Fruits & Vegetables
After Hurricane Katrina, New Orleanians banded together to save a beloved heirloom squash.
Mirliton stalks cling to trellises and chain link fences across New Orleans neighborhoods, filtering backyard light into a leafy green. Known as a chayote in its home country of Mexico and in most other parts of the United States, the Gulf Coast variety of this knobby, oblong green squash is uniquely adapted to the region’s humid climate. So well adapted, in fact, that in late autumn, the plants produce pounds of fruit, which grace every possible preparation: mirliton salad, mirliton pie (a sweet loaf similar to banana bread), even mirliton wine. Raw, its flesh is light and crunchy like jicama. Cooked, the mirliton collapses into moistness, with a light, zucchini-like taste.
The mirliton has been a staple in Louisiana, and particularly in New Orleans, since it was brought to the city in the early 19th century. Some say the mirliton was brought from Haiti during the 1791–1804 revolution, citing as evidence the fact that Haiti is the only other place to call the vegetable by this name. However it may have arrived in the Gulf Coast, the mirliton has made itself a fixture of the Louisiana table and cultural life, even inspiring a decades-long (though now discontinued) festival. Most iconically, perhaps, its stuffed preparation is a Louisiana Thanksgiving centerpiece. Cooks take the gourd’s hollowed-out flesh, mix it with breadcrumbs, shrimp, and ground meat, drown it in butter, and bake it back in the mirliton’s green shell.
Despite this popularity, for the past couple decades, the Gulf Coast’s mirliton population has been in decline. It began with the import of standardized, Central American chayotes into Louisiana. Less well-adapted, yet more commercially available, these varieties began displacing local heirlooms. By 2005, their population was already dwindling. Then, the storm blew in. The same winds and rains that devastated residents’ lives and property nearly wiped out the New Orleans mirliton population. After the storm, locals worried that Hurricane Katrina had taken a vital aspect of their culinary culture.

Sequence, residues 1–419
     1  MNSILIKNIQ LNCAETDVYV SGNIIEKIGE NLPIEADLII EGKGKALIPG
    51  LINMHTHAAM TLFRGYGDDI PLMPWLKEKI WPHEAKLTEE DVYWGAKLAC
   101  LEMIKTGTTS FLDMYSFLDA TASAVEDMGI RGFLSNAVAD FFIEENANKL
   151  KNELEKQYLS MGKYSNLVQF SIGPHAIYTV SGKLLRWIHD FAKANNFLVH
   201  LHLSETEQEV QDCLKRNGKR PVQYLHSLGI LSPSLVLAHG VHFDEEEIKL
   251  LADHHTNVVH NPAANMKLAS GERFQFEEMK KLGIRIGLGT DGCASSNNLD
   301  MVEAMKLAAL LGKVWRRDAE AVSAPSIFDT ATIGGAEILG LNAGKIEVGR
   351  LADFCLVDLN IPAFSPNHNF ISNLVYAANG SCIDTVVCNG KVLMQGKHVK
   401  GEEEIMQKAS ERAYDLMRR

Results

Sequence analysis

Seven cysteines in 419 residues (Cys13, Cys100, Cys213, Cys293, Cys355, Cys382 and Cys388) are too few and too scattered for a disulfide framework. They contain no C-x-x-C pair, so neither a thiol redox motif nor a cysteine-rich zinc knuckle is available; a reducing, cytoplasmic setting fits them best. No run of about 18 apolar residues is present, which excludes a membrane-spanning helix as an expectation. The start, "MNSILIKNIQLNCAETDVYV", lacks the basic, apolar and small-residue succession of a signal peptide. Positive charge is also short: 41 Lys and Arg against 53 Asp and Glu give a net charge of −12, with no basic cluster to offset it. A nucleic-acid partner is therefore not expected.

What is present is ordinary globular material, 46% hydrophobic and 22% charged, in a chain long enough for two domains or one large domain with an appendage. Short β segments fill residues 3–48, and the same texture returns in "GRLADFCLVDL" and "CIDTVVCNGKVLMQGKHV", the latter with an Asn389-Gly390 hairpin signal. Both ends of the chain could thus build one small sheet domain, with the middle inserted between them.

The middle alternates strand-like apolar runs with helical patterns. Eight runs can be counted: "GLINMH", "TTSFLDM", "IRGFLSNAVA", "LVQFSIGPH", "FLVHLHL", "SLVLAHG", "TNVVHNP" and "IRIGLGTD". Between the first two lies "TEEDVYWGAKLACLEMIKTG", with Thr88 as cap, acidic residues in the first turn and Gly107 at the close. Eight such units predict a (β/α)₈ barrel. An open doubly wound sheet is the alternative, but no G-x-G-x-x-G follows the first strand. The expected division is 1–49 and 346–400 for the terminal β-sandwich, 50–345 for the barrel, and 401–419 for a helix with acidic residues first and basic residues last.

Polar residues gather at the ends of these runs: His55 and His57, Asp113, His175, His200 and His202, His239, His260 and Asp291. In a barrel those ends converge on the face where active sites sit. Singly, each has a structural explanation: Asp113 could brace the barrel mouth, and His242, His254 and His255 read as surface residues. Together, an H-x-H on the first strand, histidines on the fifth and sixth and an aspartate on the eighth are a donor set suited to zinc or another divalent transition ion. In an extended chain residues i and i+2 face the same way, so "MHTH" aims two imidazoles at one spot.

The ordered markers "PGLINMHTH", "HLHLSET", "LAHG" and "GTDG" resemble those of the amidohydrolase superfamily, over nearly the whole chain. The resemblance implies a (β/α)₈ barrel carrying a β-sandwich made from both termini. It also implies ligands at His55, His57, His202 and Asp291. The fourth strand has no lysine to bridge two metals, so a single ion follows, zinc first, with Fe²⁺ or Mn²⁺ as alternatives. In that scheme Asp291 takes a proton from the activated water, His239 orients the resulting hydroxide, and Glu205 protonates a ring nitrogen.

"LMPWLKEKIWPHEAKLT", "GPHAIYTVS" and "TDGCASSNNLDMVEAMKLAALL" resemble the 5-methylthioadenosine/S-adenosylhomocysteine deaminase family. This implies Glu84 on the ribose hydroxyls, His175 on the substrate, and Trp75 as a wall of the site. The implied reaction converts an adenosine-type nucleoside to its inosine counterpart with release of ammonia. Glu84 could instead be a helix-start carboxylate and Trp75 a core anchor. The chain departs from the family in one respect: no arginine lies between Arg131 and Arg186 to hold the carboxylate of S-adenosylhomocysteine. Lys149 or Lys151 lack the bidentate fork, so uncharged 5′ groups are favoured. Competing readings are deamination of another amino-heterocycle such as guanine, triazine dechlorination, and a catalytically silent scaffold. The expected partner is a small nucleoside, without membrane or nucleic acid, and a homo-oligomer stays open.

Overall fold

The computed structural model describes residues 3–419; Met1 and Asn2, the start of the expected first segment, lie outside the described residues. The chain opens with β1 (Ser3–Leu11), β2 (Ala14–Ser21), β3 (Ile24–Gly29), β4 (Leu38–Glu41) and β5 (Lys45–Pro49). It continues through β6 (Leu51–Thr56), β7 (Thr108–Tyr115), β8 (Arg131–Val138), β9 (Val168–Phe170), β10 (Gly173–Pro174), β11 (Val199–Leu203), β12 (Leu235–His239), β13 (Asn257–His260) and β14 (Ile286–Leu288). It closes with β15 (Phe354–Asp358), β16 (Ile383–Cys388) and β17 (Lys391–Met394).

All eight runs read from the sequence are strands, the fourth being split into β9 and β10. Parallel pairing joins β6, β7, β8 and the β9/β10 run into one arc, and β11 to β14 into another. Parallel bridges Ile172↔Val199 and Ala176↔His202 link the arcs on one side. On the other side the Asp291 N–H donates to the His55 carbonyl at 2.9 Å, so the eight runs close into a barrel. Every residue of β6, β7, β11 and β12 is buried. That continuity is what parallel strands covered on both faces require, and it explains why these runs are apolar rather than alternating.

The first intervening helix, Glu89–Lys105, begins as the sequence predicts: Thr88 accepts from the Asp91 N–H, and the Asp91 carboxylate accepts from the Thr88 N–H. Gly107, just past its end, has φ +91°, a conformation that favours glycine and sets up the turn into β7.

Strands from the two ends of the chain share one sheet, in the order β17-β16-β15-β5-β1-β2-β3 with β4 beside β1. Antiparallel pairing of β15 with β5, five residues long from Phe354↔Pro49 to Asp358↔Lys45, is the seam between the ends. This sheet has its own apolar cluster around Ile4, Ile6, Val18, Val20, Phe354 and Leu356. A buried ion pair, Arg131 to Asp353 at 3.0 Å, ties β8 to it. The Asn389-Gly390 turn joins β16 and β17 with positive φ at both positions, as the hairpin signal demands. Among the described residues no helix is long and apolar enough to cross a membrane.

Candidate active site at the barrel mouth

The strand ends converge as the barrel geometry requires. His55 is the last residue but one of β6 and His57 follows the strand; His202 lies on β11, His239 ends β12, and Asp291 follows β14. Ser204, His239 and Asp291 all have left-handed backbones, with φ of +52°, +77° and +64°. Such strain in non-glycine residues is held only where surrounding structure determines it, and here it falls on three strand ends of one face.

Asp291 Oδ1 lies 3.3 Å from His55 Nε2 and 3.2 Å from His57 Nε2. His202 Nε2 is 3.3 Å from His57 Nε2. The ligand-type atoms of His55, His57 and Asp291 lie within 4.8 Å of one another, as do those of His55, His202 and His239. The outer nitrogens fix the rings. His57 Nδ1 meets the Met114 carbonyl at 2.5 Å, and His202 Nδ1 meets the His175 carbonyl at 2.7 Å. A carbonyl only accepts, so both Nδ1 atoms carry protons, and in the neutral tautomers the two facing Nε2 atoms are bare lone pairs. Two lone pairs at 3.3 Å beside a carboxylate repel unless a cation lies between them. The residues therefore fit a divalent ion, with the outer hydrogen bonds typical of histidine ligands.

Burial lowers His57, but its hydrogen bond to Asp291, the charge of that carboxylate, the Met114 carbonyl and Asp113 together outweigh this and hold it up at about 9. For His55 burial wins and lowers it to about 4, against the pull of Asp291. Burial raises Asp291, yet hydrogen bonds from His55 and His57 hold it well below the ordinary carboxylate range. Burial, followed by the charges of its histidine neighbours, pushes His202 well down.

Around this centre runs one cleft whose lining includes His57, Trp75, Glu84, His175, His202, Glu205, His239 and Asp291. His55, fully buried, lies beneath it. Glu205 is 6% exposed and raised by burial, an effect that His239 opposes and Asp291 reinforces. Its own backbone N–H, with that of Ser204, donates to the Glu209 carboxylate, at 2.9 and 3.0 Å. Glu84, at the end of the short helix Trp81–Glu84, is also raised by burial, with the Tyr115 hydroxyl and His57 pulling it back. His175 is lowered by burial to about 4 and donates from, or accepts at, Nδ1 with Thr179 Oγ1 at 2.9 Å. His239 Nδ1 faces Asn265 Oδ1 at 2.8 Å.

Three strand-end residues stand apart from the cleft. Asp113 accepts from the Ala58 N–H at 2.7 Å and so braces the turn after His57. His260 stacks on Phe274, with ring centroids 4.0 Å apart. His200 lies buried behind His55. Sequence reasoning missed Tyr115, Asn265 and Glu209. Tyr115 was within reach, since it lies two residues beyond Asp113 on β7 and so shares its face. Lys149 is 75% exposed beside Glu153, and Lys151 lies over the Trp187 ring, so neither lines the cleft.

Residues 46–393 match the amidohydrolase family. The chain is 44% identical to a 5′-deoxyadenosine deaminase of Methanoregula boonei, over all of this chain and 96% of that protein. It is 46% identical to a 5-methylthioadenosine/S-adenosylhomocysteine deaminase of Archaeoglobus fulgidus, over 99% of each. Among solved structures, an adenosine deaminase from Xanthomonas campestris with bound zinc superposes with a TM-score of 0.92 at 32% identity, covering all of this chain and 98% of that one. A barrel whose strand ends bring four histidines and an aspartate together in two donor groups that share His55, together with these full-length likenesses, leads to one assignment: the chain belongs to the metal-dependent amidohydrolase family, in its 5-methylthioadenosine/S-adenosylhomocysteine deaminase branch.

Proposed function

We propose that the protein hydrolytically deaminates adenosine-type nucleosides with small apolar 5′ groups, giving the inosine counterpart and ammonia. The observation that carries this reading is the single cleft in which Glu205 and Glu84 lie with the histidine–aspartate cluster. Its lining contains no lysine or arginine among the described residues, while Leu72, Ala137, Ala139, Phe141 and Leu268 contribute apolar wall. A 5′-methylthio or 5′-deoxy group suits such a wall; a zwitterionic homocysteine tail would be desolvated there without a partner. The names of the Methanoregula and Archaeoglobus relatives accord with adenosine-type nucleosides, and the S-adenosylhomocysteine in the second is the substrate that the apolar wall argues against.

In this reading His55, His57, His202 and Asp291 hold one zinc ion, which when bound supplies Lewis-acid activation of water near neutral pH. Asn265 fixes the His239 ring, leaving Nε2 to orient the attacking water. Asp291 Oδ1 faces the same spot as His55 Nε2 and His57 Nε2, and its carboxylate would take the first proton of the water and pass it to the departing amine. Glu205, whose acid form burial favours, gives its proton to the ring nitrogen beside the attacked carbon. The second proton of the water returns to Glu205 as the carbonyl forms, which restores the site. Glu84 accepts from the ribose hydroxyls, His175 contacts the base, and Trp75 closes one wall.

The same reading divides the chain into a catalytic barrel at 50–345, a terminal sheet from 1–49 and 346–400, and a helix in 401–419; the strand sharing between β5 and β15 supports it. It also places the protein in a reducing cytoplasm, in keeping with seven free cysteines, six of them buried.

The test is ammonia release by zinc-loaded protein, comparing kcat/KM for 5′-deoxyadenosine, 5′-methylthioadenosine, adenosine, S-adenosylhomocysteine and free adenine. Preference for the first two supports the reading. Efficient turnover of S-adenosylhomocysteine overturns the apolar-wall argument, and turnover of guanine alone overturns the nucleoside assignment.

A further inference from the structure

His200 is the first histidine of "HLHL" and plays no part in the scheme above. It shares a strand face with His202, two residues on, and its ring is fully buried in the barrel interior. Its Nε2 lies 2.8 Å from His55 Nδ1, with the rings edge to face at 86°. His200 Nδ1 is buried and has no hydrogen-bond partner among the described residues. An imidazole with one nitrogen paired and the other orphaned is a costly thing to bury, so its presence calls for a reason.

This threat was a call to action. Local food lovers and activists banded together to form the “Adopt-a-Mirliton ” project, which is now the full-fledged nonprofit Mirliton.org. The nonprofit is a center for all things mirliton, from growing tips to a classifieds board where small-scale growers can buy, sell, and exchange the fruit. Largely thanks to these efforts, the mirliton is enjoying something of a revival in New Orleans, where fall farmer’s markets now offer tables laden deep with stacks of the squash.
Where to Try It
Crescent City Farmer's Market Downtown Website750 Carondelet St. at Julia St., Central Business District , New Orleans, Louisiana, United States
This weekly Saturday farmer's market offers local produce, including the iconic mirliton, when in season.